Pretty much everyone is initially startled by my ‘Do you read much?’ query, but they soon settle when I hand them a free bookmark and ask them if they’d care to try my book. Most stare at the bookmark, then at me and I can almost hear the penny drop as they say; ‘This is YOURS? You actually WROTE this?’

It always surprises me how people change when it dawns on them that they are standing next to someone who has (self) published a novel. Having had six months to get used to the idea, the shock and awe of finally completing a book has worn off, and I often forget how humbled I always felt in the presence of Jenna Burtenshaw, the author of Wintercraft and Blackwatch. Last year, I attended her book signing in Darlington and there she was – a published author and there I was, a newbie wannabe unpublished speck of nothing. I wasn’t fit to stand in her shadow…and so on.

It’s very strange hearing people using words like ‘honoured’ and ‘amazed’ when they talk to me – words that I try to shrug off. I’m not a movie star. I’m simply a writer who managed not to succumb to the depressing idea of never having a book see the light of day – nothing more.

Generally, the people I talk to are quite receptive to the idea of the bookmark and most will assure me that they will have a look at the free chapters available via Amazon. Of those who tell me that they don’t own eReaders, most are surprised that Amazon will offer them free software, ‘Kindle for PC’ that allows them to read Kindle books on their PC, Laptop, Netbook or Tablet. I’ve probably been responsible for a few dozen non-Kindle readers now being able to buy and read Kindle eBooks. 🙂

I also point them towards Smashwords, where ‘A Construct of Angels’ is listed in ePub, pdf and several other formats.

With the remainder, I have hit a stumbling block and I feel that the time has come to address that problem. Some readers, for various reasons, remain committed to paper books – something that I am currently unable to supply for sevral reasons. For one, I have been rejected by every genre-relevant agency in the UK, which is one of the reasons that I decided to self-publish. The other reason for my remaining entirely electronic is that the cost of a paper book was so far above that of an eBook, it seemed prudent to sell my work at the lower cost rather than try to push the more expensive paper version.

But I have seen so many faces registering disappointment when I admit that my book doesn’t exist in physical form, I am now reconsidering my decision to remain purely and unshakably twenty-first century electronic.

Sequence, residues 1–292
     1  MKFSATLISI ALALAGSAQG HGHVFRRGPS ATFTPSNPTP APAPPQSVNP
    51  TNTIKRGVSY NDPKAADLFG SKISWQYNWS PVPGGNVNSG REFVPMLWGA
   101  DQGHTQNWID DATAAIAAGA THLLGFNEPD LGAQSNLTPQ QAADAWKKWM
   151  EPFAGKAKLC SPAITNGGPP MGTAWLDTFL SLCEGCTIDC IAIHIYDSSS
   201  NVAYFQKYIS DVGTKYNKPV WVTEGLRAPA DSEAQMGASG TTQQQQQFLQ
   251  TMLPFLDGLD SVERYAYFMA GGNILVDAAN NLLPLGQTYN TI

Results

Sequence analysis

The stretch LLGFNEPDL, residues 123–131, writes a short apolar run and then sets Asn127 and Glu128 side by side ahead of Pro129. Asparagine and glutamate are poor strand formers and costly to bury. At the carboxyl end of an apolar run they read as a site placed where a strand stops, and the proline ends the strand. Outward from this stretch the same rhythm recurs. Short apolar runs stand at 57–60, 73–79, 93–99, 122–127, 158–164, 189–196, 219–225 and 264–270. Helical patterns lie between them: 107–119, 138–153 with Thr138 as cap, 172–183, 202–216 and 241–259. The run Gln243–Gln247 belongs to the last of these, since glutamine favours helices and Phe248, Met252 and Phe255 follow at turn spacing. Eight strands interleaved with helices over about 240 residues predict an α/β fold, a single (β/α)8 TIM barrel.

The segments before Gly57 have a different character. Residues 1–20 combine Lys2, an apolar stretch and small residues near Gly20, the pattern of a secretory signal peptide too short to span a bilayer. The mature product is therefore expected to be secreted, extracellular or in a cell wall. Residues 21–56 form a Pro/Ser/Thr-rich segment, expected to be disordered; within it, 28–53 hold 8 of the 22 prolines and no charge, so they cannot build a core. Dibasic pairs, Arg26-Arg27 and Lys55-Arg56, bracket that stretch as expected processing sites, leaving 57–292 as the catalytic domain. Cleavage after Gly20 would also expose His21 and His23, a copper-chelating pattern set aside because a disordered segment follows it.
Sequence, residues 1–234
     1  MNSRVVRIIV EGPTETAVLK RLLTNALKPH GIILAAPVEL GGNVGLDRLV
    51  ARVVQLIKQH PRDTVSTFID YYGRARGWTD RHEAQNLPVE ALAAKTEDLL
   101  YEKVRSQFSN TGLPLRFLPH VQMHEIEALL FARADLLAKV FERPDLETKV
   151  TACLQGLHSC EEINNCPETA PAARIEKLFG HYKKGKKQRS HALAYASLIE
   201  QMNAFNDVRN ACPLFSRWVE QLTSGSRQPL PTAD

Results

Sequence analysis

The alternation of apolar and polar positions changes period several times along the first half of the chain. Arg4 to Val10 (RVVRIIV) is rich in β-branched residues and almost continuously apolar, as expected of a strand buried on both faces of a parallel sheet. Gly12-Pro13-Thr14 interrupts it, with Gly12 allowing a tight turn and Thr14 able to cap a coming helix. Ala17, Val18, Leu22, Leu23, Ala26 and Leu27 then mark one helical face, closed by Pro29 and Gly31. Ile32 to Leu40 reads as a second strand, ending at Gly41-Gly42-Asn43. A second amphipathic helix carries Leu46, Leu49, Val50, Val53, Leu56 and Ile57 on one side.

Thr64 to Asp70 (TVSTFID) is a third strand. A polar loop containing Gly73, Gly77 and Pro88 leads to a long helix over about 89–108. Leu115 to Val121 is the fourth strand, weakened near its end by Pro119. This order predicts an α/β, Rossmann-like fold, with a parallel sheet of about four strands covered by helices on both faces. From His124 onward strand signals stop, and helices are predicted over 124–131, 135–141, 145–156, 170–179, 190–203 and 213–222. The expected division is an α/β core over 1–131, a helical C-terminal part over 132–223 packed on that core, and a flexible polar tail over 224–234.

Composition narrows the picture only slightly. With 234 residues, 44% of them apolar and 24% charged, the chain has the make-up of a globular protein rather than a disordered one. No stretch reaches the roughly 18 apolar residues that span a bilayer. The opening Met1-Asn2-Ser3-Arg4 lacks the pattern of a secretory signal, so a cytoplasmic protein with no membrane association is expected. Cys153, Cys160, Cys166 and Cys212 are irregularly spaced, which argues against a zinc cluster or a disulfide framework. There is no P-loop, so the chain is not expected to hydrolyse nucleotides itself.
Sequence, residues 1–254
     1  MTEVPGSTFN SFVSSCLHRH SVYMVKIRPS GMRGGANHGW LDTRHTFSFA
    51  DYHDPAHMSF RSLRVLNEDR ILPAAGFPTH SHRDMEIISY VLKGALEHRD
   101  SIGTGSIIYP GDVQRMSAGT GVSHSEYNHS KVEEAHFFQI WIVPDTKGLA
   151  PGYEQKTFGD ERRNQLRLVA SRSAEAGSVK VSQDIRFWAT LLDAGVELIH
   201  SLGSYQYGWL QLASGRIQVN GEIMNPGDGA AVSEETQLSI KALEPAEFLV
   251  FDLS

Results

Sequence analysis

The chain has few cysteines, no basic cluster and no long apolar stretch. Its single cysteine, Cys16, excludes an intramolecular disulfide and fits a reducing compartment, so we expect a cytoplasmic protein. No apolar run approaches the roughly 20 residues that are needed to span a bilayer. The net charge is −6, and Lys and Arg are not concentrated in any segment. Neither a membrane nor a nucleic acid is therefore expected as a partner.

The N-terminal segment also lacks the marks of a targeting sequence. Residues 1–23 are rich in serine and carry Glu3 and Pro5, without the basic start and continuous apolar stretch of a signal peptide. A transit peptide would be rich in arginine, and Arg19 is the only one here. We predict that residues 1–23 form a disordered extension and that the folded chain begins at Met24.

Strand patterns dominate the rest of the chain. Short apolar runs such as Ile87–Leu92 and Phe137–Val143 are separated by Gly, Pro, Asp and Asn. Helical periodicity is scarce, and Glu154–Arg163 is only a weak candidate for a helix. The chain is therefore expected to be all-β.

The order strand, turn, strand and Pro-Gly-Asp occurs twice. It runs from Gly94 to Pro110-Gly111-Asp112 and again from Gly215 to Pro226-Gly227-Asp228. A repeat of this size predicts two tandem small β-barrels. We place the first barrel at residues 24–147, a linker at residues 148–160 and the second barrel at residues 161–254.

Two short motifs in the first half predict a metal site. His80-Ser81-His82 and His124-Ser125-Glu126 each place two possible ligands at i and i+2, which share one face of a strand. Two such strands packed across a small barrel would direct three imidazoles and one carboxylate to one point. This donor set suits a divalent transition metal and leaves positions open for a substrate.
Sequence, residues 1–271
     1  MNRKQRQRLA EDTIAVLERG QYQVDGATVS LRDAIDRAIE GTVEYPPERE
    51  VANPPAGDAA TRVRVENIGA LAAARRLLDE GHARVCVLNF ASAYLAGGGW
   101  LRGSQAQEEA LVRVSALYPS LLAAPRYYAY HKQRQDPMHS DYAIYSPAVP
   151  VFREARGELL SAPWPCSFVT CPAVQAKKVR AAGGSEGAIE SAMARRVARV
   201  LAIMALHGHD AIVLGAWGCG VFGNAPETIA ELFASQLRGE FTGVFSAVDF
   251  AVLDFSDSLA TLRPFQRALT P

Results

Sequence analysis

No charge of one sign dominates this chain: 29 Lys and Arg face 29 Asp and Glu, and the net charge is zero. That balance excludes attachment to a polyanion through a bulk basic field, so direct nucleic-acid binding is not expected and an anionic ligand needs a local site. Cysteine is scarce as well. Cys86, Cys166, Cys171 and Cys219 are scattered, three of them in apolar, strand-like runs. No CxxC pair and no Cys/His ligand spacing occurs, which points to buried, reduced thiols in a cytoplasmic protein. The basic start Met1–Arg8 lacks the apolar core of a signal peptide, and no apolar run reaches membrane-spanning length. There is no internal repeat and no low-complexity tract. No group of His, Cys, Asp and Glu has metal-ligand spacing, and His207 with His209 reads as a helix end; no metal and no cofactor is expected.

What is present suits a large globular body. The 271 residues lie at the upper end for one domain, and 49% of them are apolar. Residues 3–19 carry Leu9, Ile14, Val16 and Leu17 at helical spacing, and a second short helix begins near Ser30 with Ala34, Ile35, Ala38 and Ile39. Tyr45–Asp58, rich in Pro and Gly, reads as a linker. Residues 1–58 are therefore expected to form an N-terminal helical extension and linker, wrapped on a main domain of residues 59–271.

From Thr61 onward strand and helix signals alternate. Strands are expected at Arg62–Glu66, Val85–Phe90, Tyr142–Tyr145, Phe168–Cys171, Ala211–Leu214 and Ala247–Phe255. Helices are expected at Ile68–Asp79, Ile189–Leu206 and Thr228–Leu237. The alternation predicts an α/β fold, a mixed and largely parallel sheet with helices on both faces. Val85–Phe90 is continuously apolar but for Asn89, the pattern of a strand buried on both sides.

CreateSpace seems, for the moment, the best option for me. My book is already uploaded to Amazon, so having it available on the same site would appear to make sense. I’m currently using Amazon, Smashwords, Kobo and Scribd to shift copies (some with better success than others), so a fifth site would just complicate things – unless of course that new site was far better than CreateSpace.

If you’re also in the position of thinking about offering a paper book, Karen Inglis has posted a huge amount of information on the subject. As a UK-based children’s author, Karen is favour of using a combination of CreateSpace and UK print-on-demand company LightningSource to save on shipping costs and delays.

*One day later;*

A couple of my blogging friends (thanks guys) have advised me that CreateSpace may now be advanced enough to be able to use for distribution on both sides of the big pond.

Sounds like a plan…although the goalposts are constantly shifting.

Watch this space…I might be entering the twentieth century once again. 🙂

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keep calm plus author inside

Author interview with Draegon Grey

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smoking man

I’ve just completed the first part of an author interview with Draegon Grey.  It surprised me how much fun something like this can be – almost like reliving the whole process of writing the novel over again.  Happy memories, the small problems that seemed so insurmountable at the time and the joy of completing the work…they all came flooding back.

The second part, a character interview with Sara Finn, my protagonist, will follow soon.

In the meantime, you can read the ‘Author Moment’ interview here.

Write on!

Six Sentence Sunday – on time!

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saavem swordsman

Today’s SSS is an extract from ‘A Vengeance of Angels’.  Again, it contains a mild spoiler if you haven’t read the first story; A Construct of Angels.’  So if you don’t want to know how the first book ends, please look away now.

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Michael, now an ex-angel and mortal being, is being addressed by an elderly hospice patient – one who has a reputation as a seer…